Generating bnAbs through Env vaccination continues to be challenging. BnAbs induced as a result of chronic viral replication during HIV-1 infection are the result of B cells undergoing extensive affinity maturation in germinal centers. HIV Env antibodies associated with protection from HIV acquisition in animal models include bnAbs and non-neutralizing Env antibodies (nnAbs) (4, 7). The former have been shown directly to mediate protection in nonhuman primates. In vitro, HIV Env Abs can act antivirally by direct neutralization and by Fc-mediated effector functions such as antibody-dependent cellular cytotoxicity (ADCC), although the relative contributions of these activities in vivo to protection is unclear and may differ between bnAbs. nnAbs rely solely on Fc-mediated activities for antiviral function, and evidence for protection is less direct than for bnAbs. HIV nnAb responses are readily induced by Env vaccination, but bnAb responses have not been robustly induced as yet in humans or nonhuman primate models. Many bnAbs have long heavy-chain third complementarity-determining regions that have low frequencies in the human naïve B cell repertoire and may subject such antibodies to deletion by immune tolerance. Some bnAbs share characteristics of autoantibodies such as auto- or poly-reactivity (4, 7) and thus may be excluded by immune tolerance mechanisms from productive immune responses. We now know that development of bnAbs in HIV infection is associated with high viral loads. Moreover, bnAbs are unusually mutated (affinity matured) by the enzyme activation–induced cytidine deaminase, indicating long periods of germinal center development induced by persistent antigen contact. Thus, there are multiple factors working against the elicitation of bnAbs, including host control roadblocks (4, 7).

The Env structure presents multiple issues as an antigen. Induction of bnAbs is hindered by instability of the native fusion-competent Env and by non-native forms that induce nnAbs. Moreover, HIV Env consists of ~50% glycans by mass, and thus, almost all bnAbs must bind to or accommodate these glycans to bind the native trimer and neutralize viral infection of host cells. Protein-glycan interactions are typically of relatively low binding affinity, further disfavoring bnAb development. In addition, HIV Env has five variable loops that may increase in length and vary in glycosylation with virus evolution over time, and bnAbs must evolve to accommodate such Env loops. Thus, in addition to host controls and repertoire restrictions, Env structural constraints conspire to make bnAb B cell lineages difficult to induce (13).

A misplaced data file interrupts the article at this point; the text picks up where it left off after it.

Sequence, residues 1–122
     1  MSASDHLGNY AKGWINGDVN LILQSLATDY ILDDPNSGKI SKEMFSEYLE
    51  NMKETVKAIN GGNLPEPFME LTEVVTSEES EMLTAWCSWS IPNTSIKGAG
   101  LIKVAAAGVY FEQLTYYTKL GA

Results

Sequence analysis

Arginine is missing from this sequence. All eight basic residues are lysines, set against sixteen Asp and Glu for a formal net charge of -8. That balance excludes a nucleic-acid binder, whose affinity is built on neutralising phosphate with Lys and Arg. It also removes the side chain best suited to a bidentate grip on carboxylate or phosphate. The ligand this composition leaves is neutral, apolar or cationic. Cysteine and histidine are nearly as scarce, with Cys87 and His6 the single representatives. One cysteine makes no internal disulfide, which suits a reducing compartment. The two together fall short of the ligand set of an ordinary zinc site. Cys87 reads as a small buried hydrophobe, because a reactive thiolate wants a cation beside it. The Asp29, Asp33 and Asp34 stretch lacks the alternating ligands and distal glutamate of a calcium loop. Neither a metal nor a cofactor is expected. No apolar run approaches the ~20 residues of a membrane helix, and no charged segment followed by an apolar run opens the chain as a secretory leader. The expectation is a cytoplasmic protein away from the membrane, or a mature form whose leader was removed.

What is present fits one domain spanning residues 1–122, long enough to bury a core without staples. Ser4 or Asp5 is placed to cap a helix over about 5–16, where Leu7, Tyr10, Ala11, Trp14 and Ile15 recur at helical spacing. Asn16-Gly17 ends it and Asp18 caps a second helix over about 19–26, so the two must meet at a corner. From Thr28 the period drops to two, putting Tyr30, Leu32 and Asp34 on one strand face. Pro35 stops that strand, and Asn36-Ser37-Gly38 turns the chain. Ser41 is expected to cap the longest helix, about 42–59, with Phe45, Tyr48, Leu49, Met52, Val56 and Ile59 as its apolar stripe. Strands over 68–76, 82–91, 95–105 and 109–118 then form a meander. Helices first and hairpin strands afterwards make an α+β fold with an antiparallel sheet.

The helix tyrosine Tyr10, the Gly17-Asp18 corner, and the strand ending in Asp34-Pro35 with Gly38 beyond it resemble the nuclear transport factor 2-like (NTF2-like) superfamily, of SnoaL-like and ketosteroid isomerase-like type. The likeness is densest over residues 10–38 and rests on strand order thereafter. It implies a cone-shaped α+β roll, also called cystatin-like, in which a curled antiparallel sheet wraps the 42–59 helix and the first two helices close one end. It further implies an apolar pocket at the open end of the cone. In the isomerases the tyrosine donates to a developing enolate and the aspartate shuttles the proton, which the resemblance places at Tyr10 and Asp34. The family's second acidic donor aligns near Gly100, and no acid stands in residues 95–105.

Although our ability to induce bnAbs in animal models and humans remains a challenge, there has been substantial progress in structural definition of neutralization epitopes on the native Env trimer, leading to new vaccine design approaches. Given that binding to the native Env trimer is required for virus neutralization, our ability to stabilize and express soluble mimics of Env as vaccine antigens is a major step forward (8). However, Env trimers alone do not induce bnAbs, in part because most of the glycoprotein is not highly immunogenic and because extensive antibody affinity maturation is required for neutralization. Thus, it is likely necessary to use informed immunogen design to stimulate the appropriate B cell precursors and then guide maturation pathways to yield bnAbs. In addition, use of strong adjuvants may be needed to overcome immune tolerance mechanisms and to support prolonged bnAb germinal center responses.